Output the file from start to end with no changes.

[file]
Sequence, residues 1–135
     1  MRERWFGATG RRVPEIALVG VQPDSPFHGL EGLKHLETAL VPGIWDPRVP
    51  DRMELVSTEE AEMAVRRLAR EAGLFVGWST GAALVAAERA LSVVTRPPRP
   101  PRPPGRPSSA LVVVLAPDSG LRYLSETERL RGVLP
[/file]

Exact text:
Sequence, residues 1–135
     1  MRERWFGATG RRVPEIALVG VQPDSPFHGL EGLKHLETAL VPGIWDPRVP
    51  DRMELVSTEE AEMAVRRLAR EAGLFVGWST GAALVAAERA LSVVTRPPRP
   101  PRPPGRPSSA LVVVLAPDSG LRYLSETERL RGVLP